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Crowds to return to Melbourne stadia as capacity limits removed for events and venues in Western Australia

Crowds to return to Melbourne stadia as capacity limits removed for events and venues in Western Australia
June 23, 2021

The Victorian Government will allow spectators to return to Melbourne's major sporting events this weekend as its eases COVID restrictions while the Western Australian Government has, as of today, removed crowd restrictions and size limits for major events and venues.

The Victorian Government has today confirmed crowds of up to 50% capacity, or a maximum of 25,000 people, will be allowed to attend games at Melbourne venues this weekend.

That means the A-League grand final between Melbourne City and Sydney FC on will go ahead at AAMI Park on Sunday, with 14,700 fans allowed to attend.

Welcoming the announcement, A-League Commissioner, Greg O'Rourke stated “this announcement means that Melbourne City are deservedly able to play a grand final at home in front of a raucous crowd and we hope as many Sydney FC fans as possible will be there, given evolving COVID-19 restrictions across Victoria and NSW, to make it an enthralling occasion.”

AFL games in the city this weekend, commence with Richmond and St Kilda at the MCG on Friday night.

Collingwood then plays Fremantle at Docklands on Saturday afternoon, Essendon and Melbourne play at the MCG on Saturday night, and Carlton hosts Adelaide at Marvel Stadium on Sunday afternoon.

The GWS Giants will also play a home game against Hawthorn at the MCG on Sunday afternoon, a change forced by the developing COVID situation in NSW.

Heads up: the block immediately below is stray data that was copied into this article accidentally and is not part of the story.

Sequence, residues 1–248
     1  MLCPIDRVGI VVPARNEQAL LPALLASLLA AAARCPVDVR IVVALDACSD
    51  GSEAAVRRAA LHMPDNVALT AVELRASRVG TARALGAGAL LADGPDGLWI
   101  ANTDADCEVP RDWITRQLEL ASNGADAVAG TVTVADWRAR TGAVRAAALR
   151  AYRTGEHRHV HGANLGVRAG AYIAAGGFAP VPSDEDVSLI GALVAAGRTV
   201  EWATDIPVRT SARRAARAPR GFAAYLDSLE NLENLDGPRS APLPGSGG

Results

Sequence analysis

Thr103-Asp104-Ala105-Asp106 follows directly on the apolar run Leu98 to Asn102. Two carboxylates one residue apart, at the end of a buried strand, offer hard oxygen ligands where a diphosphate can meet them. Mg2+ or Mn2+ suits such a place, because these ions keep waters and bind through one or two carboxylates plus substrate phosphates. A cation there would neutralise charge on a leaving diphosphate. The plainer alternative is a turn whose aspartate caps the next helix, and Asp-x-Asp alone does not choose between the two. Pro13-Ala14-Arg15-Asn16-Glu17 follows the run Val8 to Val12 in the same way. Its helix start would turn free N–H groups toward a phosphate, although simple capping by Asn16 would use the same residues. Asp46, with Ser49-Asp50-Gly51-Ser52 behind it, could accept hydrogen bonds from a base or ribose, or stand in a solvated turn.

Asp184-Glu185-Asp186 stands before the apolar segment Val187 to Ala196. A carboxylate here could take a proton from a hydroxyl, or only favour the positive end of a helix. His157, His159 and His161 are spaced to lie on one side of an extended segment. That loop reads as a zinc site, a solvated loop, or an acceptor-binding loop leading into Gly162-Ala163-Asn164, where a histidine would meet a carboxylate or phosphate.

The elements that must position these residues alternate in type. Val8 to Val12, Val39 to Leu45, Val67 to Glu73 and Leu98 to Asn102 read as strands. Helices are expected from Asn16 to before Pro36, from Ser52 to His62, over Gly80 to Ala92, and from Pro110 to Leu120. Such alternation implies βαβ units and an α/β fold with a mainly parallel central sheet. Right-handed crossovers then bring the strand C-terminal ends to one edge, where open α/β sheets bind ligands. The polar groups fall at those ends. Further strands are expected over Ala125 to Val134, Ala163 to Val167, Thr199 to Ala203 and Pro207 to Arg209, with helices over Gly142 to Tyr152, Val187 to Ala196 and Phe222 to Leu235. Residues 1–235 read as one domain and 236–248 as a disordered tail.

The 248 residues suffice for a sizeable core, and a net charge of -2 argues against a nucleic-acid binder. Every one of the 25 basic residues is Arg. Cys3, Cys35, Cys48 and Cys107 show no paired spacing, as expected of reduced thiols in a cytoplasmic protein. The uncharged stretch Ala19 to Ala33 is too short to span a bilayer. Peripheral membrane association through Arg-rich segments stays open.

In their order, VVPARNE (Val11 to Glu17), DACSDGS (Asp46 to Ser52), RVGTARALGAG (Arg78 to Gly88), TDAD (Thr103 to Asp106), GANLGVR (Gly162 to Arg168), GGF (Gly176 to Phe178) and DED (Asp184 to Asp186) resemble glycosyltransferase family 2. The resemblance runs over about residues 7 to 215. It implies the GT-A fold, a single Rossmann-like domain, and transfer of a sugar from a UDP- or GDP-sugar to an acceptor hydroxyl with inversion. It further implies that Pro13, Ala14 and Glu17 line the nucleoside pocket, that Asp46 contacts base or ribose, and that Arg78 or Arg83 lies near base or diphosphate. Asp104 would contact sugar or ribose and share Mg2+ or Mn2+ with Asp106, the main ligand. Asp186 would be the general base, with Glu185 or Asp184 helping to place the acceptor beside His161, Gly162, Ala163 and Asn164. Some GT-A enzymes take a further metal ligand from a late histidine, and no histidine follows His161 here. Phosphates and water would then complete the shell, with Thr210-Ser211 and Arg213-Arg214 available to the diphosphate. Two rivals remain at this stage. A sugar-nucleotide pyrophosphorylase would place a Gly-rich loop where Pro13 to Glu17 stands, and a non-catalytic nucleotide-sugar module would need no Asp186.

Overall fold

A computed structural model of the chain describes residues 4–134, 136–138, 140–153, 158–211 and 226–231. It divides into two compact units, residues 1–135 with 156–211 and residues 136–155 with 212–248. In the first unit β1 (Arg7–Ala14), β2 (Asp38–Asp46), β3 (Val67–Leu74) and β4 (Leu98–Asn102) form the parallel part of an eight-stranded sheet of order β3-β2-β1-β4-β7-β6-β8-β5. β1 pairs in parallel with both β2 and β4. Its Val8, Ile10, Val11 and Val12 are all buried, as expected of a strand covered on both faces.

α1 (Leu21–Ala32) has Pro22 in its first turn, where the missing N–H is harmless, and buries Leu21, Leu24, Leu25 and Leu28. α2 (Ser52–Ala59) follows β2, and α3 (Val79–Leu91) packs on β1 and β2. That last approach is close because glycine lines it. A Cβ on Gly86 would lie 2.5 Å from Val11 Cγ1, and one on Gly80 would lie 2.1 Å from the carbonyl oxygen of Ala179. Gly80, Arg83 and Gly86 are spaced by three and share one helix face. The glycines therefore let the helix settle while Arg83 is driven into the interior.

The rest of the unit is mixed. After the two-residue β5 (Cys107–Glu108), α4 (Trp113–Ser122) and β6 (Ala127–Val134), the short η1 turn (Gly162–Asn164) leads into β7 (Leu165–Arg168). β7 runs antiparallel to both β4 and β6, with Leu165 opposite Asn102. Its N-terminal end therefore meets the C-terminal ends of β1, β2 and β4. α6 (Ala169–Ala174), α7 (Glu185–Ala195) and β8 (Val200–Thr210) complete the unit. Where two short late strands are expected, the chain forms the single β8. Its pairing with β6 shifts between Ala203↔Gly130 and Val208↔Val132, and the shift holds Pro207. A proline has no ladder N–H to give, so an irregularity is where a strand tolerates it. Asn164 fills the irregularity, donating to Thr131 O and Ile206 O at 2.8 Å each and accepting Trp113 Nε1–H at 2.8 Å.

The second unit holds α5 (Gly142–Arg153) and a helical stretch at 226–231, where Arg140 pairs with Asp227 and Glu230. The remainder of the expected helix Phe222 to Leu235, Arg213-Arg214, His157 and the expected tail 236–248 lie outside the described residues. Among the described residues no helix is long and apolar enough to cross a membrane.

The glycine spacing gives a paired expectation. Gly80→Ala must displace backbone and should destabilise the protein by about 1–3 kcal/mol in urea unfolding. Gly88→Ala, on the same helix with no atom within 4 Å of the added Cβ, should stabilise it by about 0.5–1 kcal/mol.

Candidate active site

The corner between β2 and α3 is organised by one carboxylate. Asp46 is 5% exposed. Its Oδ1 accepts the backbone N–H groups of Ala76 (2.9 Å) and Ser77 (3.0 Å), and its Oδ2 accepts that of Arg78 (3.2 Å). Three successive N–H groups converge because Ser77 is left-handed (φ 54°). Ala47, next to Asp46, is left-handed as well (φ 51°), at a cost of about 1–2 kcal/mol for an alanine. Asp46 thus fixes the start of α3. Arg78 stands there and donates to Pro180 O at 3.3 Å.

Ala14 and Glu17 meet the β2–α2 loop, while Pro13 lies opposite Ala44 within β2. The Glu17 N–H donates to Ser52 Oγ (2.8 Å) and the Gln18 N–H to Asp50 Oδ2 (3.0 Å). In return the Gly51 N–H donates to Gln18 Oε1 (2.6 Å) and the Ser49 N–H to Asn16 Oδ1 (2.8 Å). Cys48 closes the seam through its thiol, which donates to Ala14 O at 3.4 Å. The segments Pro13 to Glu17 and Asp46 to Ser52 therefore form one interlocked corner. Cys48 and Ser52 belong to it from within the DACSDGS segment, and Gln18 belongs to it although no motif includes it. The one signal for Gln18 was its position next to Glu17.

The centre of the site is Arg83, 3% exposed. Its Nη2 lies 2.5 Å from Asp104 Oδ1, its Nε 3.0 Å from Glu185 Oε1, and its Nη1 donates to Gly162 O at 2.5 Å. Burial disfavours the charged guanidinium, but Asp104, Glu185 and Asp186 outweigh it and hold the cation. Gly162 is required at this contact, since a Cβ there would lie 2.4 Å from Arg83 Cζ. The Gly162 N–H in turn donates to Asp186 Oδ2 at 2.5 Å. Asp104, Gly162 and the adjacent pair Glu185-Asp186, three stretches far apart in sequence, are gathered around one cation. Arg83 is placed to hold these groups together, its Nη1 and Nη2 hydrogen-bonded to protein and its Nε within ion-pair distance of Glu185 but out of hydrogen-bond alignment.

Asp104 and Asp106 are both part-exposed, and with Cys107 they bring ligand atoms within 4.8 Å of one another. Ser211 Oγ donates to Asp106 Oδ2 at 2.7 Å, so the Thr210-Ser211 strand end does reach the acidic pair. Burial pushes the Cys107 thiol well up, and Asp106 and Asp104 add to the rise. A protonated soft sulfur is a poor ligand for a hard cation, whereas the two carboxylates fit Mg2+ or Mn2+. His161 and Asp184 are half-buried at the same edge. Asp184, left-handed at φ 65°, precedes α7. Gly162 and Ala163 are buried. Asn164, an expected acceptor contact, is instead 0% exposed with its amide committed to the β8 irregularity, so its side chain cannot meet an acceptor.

The AFL had lobbied the Victorian Government for a 50% capacity at the MCG and Marvel Stadium, but crowds will be capped at 25,000 fans this weekend before a planned boost to 85% capacity next week.

Victorian acting Premier, James Merlino today announced “from 11:59pm tomorrow night, outdoor stadiums can have 50% of the venue capacity up to 25,000 people.

"This means that the A-League grand final can proceed with 15,000 people and the MCG can host 25,000 people.”

In Western Australia, major events and venues will see crowd restrictions and size limits scrapped from today as it moves into phase five of its COVID-19 roadmap.

The further easing of rules includes the removal of the two-square-meter social distancing rule, as well as the 75% capacity limit for hospitality and entertainment venues in the state that includes the major city of Perth.

The move also means that major events of all kinds, such as festivals, can kick off again this week with no limits on size or crowds and venues such as music halls, nightclubs and museums able to open at 100% capacity.

Announcing that following updated health advice, the state would move to phase five of eased restrictions, Western Australian Premier, Mark McGowan advised yesterday “this change follows updated health advice, and means that Western Australia will continue to lead the way in having some of the lightest restrictions in the world.”

While the state is moving into phase 5 of its COVID-19 recovery, it will still require the use of contact registers, COVID safety plans for businesses and COVID event plans for large-scale events with more than 500 people.

In addition, Western Australia will maintain its controlled border with travel restrictions to remain in place to some remote Aboriginal communities.

Australian Live Music Business Council (ALMBC), which has been in negotiations with the Western Australian Government alongside promoters, has welcomed the news

ALMBC Chair, Stephen Wade noted “through the work done by the ALMBC we were clearly able to show the WA Government the positive impact the live music economy has on the overall entertainment economy in Perth.”

While the news has been welcomed by the live events industry, the chair of Events Industry Association WA, Tim Kennedy, said it would still be a challenge for organisers to hold events.

Kennedy told ABC News “events take a considerable amount of lead time and upfront investment to plan. To date, what we’ve seen is that in the event of a lockdown, events usually get cancelled almost immediately.

“Western Australia has been very open about being extremely conservative, in so far as how they react to potential outbreaks. While we can plan bigger events now and try and get back to some sort of normality, there is that hesitation (over) getting them off the ground.”

Image: Crowds at Perth's Optus Stadium.

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